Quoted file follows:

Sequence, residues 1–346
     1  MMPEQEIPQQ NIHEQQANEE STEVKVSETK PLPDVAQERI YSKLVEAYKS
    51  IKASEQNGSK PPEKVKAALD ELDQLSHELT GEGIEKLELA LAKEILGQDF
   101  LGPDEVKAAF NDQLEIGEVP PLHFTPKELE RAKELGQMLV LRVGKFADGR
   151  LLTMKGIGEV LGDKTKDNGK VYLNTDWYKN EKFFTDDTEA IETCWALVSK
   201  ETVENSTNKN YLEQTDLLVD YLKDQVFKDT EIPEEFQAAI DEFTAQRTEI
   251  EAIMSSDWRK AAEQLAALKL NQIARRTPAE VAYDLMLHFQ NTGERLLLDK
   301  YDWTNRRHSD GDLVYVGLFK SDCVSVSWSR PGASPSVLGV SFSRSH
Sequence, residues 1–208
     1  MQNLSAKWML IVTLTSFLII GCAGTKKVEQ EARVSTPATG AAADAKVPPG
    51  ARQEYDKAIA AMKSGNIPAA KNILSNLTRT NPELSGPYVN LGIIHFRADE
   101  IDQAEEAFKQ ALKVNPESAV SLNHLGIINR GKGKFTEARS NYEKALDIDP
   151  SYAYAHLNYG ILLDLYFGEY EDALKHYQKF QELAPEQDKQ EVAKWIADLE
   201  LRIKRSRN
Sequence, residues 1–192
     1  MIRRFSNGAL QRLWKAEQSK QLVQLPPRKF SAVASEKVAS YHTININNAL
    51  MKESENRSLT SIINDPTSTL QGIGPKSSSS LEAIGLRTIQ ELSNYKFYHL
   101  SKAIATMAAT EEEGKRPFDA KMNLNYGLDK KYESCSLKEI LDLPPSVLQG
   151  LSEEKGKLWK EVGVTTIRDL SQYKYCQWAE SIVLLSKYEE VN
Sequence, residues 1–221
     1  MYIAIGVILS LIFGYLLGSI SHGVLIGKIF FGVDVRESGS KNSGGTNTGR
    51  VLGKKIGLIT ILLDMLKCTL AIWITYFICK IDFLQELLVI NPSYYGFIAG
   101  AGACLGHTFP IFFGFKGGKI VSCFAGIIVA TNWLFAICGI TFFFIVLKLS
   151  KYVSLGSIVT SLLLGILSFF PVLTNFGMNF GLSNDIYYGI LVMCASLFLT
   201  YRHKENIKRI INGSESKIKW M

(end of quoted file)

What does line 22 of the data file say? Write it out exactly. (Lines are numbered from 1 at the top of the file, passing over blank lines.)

    51  VLGKKIGLIT ILLDMLKCTL AIWITYFICK IDFLQELLVI NPSYYGFIAG